Many wondered whe-ther or not the incident the previous Tuesday night following the "Welcome Back" dance or the altercation at Lu's the following week were connected to the occurrence on September 11.
According to Pierson, there may have been some link between the two, but all investigations have pointed to non-NIACC students that provoked each incident.
"There is absolutely nothing to the 'rivalry' between football and baseball," Pierson said.
Whether or not NIACC athletes were directly involved, they are all paying a price. All fall athletes were told by administration and coaches not to return to Lu's.
NIACC athletes rep-resent more than just themselves; they represent the entire school according to Pierson.
Pierson also commented on the repercussions of the "Lu's incident."
"There have been no rules previously. We don't try to control their (the athletes) lives," Pierson said. "(But) we have told them not to go back."
The underlying factor beneath all of the allegations was the fact that no charges or arrests were made although there were reports of injuries and property damage having occurred.
"If it had involved an arrest or charge we would have come down hard on (the athletes involved)," Mc-Guire said. "They would have been benched or removed from the team completely."
But there were no charges or arrests made.
"We didn't have the manpower at first to make the arrests," Clear Lake Police Chief Dan Jackson said. "The officers (on duty) noticed a mass confusion and people running out of the bar because of a disturbance inside. We were just con-cerned with keeping the two groups (he estimated be-tween 30 and 40 people per group) separated so that nobody got hurt."
Jackson also said that although there was damage inside the bar and to vehicles outside, their main interest was in controlling the situation.
The Globe Gazette indicated in the article that Grant Maulsby, the owner of Lu's, said that Lu's would have a police officer that would be stationed at the front door from now on. According to Chief Jackson, this is not true.
"We will have extra patrol in that area on Thursday nights, but we are not going to be bouncers," Jackson said.
All things set aside, Lu's Lounge will continue to hold "College Night" on Thurs-day nights, college students, NIACC included, will con-tinue to attend, but NIACC football and baseball players will be wary of stepping foot inside the establishment for some time.
Campus prepares for Homecoming week
North Iowa Area Community College will kick off its annual Homecoming celebrations the week of October 6-11. Many activities and events are scheduled to take place throughout the week.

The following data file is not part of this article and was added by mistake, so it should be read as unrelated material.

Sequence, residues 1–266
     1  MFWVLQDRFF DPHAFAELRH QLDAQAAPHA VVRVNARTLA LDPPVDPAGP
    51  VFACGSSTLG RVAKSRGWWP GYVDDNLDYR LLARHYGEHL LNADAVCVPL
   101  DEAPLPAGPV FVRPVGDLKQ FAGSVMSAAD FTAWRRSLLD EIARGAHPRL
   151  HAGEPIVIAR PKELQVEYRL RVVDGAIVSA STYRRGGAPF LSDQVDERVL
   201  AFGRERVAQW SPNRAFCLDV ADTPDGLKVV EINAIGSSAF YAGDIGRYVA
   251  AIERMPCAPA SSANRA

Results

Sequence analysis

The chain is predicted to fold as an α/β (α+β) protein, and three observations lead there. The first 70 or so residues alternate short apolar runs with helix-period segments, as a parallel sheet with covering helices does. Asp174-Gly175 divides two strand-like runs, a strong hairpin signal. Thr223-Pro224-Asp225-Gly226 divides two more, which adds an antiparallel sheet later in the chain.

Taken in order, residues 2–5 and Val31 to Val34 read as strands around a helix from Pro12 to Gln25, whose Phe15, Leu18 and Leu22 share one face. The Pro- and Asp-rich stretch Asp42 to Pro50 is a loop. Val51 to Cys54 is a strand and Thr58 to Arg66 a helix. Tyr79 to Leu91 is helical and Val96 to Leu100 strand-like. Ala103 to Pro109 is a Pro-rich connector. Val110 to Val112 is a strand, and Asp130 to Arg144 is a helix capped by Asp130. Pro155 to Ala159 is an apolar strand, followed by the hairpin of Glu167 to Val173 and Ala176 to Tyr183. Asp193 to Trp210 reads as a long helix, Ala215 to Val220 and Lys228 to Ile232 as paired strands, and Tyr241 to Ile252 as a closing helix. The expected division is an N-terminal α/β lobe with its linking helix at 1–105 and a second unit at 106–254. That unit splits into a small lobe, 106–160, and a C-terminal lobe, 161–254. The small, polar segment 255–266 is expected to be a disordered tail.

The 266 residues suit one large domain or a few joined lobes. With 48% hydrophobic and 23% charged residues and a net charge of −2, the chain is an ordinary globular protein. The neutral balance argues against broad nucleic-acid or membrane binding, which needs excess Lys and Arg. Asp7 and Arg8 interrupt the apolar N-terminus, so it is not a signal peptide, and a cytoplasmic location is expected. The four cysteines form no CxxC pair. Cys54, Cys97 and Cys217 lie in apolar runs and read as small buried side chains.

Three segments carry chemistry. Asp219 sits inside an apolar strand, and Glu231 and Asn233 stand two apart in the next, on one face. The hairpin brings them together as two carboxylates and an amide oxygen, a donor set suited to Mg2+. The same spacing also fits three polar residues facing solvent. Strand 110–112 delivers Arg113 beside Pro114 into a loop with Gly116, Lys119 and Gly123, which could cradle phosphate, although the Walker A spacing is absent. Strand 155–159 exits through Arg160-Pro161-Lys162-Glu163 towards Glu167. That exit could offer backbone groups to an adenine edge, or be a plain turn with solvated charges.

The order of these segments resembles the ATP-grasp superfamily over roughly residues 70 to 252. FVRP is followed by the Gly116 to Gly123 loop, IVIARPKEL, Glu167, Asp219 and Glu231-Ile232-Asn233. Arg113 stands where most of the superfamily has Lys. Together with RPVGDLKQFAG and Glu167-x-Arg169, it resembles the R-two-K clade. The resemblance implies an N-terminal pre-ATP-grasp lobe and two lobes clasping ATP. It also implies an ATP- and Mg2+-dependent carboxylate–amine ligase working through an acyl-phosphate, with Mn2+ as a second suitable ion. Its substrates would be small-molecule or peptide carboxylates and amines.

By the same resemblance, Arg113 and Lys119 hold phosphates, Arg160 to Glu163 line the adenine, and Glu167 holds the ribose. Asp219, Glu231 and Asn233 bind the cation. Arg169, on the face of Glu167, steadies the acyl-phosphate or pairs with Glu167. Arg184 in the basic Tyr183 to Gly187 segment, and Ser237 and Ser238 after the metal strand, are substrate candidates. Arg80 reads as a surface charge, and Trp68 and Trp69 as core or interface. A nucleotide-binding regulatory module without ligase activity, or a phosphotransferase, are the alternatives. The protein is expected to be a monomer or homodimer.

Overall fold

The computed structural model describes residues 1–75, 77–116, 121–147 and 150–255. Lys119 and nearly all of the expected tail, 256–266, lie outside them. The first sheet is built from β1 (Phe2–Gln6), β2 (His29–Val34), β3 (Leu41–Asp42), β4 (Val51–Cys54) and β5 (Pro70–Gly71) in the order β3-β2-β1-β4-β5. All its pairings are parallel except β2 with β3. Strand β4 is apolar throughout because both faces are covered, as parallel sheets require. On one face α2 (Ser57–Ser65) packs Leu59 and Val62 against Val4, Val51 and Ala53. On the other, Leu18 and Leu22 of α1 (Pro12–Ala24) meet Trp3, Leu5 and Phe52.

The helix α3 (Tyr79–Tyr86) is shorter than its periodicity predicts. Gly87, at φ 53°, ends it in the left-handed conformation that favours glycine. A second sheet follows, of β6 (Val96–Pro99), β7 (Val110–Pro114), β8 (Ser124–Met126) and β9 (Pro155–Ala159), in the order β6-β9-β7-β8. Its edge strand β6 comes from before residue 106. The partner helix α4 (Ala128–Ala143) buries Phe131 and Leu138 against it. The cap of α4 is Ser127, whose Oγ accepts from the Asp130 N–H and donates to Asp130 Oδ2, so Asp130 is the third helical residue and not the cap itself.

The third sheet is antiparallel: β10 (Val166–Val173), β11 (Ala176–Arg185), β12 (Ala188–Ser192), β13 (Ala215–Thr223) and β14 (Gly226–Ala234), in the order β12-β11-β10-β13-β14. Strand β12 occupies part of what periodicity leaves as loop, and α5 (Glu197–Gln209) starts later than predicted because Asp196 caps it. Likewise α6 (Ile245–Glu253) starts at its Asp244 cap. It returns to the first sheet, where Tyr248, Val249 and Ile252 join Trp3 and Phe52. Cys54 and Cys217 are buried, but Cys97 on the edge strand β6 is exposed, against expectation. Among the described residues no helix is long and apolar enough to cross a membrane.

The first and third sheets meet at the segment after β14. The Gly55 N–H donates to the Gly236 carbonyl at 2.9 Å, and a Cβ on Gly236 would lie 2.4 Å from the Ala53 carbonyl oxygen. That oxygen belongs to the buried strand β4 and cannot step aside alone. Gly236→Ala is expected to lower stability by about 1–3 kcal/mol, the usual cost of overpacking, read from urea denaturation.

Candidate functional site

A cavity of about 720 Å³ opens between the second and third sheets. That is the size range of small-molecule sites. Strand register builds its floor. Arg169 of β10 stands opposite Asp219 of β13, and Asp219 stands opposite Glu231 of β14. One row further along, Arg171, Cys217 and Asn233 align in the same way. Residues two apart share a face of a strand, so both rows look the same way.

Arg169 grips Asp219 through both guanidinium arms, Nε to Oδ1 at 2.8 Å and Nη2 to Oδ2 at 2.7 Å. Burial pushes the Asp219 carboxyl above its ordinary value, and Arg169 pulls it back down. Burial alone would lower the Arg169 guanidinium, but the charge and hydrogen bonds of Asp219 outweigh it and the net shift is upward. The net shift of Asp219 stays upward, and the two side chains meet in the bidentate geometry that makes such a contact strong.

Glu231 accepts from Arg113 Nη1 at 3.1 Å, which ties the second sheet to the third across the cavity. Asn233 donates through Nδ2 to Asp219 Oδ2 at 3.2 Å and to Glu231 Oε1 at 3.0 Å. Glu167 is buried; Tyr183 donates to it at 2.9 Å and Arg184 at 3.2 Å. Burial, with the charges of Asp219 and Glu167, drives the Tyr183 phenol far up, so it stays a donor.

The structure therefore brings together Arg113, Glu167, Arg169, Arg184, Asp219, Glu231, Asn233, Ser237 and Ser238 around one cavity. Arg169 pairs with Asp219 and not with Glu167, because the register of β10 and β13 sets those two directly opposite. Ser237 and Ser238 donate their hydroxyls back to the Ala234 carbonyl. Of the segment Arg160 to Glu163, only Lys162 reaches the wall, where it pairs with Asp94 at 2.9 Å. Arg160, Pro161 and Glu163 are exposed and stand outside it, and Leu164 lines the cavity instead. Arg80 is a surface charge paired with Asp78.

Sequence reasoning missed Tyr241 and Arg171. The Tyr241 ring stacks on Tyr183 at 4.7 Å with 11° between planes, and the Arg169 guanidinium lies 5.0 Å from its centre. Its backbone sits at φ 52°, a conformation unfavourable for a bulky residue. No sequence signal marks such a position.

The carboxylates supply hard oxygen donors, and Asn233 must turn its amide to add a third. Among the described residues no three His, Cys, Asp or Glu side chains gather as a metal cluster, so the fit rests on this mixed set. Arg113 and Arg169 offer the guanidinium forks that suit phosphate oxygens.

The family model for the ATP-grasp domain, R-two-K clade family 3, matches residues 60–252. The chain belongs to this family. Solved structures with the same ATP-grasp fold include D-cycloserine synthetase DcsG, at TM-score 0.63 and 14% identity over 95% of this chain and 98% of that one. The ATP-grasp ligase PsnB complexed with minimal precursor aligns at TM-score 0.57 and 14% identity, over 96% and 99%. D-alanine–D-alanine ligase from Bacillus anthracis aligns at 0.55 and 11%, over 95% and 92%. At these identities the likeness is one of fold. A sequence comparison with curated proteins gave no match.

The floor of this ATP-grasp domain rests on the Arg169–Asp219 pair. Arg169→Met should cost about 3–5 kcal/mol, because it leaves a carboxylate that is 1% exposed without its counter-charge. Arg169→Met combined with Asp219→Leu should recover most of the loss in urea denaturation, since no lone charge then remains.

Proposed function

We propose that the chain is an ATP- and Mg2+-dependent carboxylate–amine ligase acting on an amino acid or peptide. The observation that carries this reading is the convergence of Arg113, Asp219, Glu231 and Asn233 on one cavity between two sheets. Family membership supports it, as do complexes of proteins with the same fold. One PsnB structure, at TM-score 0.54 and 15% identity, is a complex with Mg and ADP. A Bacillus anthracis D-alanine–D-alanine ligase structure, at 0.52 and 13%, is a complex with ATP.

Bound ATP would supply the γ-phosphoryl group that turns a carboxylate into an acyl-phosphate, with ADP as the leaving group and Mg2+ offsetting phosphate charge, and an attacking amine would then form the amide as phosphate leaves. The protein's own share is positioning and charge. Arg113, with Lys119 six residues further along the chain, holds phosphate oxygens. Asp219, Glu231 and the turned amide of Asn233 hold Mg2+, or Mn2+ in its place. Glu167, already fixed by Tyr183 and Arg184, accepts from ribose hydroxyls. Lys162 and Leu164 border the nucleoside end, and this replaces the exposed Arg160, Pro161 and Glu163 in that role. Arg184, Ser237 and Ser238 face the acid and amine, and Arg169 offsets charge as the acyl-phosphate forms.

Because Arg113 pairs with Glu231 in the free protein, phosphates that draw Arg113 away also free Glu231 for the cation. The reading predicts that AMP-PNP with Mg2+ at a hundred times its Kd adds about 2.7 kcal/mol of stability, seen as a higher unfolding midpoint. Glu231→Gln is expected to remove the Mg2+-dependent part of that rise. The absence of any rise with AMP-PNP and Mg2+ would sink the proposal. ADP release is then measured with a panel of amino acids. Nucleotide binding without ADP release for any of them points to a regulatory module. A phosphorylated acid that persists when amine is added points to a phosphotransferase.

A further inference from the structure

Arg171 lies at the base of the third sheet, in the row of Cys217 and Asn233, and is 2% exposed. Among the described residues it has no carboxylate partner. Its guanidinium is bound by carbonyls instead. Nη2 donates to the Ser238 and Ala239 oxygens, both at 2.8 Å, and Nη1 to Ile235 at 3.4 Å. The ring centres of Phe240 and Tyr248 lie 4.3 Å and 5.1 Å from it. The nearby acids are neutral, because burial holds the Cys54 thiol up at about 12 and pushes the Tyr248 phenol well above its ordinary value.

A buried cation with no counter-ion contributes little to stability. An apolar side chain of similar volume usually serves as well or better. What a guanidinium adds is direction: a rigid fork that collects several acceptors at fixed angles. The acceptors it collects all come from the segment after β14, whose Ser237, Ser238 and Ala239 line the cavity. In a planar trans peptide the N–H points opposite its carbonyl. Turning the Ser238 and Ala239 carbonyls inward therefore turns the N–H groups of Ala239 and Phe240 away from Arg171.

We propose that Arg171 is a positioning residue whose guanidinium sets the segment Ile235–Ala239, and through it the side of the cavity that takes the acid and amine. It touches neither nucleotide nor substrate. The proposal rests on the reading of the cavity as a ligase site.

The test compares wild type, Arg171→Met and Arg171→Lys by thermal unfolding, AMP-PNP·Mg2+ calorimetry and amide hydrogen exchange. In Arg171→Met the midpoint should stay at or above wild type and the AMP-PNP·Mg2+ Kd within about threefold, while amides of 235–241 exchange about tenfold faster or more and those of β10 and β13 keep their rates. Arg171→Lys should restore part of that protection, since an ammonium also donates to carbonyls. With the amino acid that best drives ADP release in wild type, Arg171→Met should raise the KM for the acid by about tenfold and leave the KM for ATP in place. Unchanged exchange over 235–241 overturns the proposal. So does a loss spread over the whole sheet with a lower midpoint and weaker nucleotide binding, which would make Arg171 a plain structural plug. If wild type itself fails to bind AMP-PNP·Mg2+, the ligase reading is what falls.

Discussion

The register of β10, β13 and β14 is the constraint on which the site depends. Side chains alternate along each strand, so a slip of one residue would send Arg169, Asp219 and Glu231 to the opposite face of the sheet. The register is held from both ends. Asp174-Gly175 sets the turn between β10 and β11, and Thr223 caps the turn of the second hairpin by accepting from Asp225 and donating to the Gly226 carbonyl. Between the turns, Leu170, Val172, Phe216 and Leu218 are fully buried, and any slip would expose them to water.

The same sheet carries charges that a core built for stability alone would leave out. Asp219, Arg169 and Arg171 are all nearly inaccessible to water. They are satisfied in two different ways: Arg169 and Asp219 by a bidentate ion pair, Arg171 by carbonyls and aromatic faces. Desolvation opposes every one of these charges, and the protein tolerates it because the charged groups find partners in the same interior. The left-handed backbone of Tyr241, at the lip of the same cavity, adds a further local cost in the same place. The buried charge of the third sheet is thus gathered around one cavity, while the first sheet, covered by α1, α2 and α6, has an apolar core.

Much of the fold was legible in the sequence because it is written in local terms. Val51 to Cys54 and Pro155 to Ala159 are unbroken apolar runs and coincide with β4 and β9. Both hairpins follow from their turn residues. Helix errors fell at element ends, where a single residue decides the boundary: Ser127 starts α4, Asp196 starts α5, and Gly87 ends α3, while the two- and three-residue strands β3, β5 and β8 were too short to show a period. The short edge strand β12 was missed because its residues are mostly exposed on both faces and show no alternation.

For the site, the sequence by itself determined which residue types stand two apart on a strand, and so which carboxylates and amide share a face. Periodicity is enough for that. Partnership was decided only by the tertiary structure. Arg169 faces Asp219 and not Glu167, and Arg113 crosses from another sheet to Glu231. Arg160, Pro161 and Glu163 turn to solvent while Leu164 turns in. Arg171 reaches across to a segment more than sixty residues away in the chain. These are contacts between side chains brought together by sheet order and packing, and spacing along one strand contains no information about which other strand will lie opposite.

Student Senate will be providing many different opportunities for entertainment, beginning Monday and finishing out the week with the crowning of the Homecoming King and Queen on Saturday, October 11 at the football game.
- On Monday, Chris "Boom Boom" Johnson brings to NIACC his hilarious, witty comedy routine, to be enjoyed by all, in the Activity Center at noon.
- Tuesday brings both men's and women's soccer competitions against Iowa Central beginning at 1 p.m. with the men's team.
Throughout the day, "Wax Hands" will be available in the Activity Center and is free to all. This activity allows anyone willing to participate, the opportunity to make colorful wax hand creations with molds of their own hands.
- Wednesday offers the exciting performance of Frederick Winters, a hypnotist who is known for the intense shock value and comedy he brings to his audience. Later in the evening, the Trojan volleyball team hosts Iowa Lakes at 7 p.m.
- To cap the week, the Trojan football team will host Rock Valley, Illinois at 2 p.m. and the crowning of the 2003 Homecoming King and Queen will be held during half time.
All events are free with a NIACC student ID.
NIACC credit enrollment climbs by 10%
Initial reports show a 10 percent increase in enrollment in credit programs at North Iowa Area Community College this fall. As of the first day of classes, NIACC students totaled 2,770, which means 245 more students were enrolled than last fall on the first day of classes.
"That's incredible," Dr. Michael Morrison, NIACC president, said. "It shows that more and more people are taking advantage of the low-cost, high-quality education and college experience that NIACC offers."
Students are still enrolling in evening and distance education classes and an official count won't be available until two weeks into the fall semester.
Morrison describes enrollment as a moving target. "Besides the traditional 16-week face-to-face classes on the NIACC campus, we have classes in communities throughout the district, open entry/open exit classes, 8-week classes, classes in partnership with high schools and the hospital, classes over the Iowa Communications Network and classes online," he said.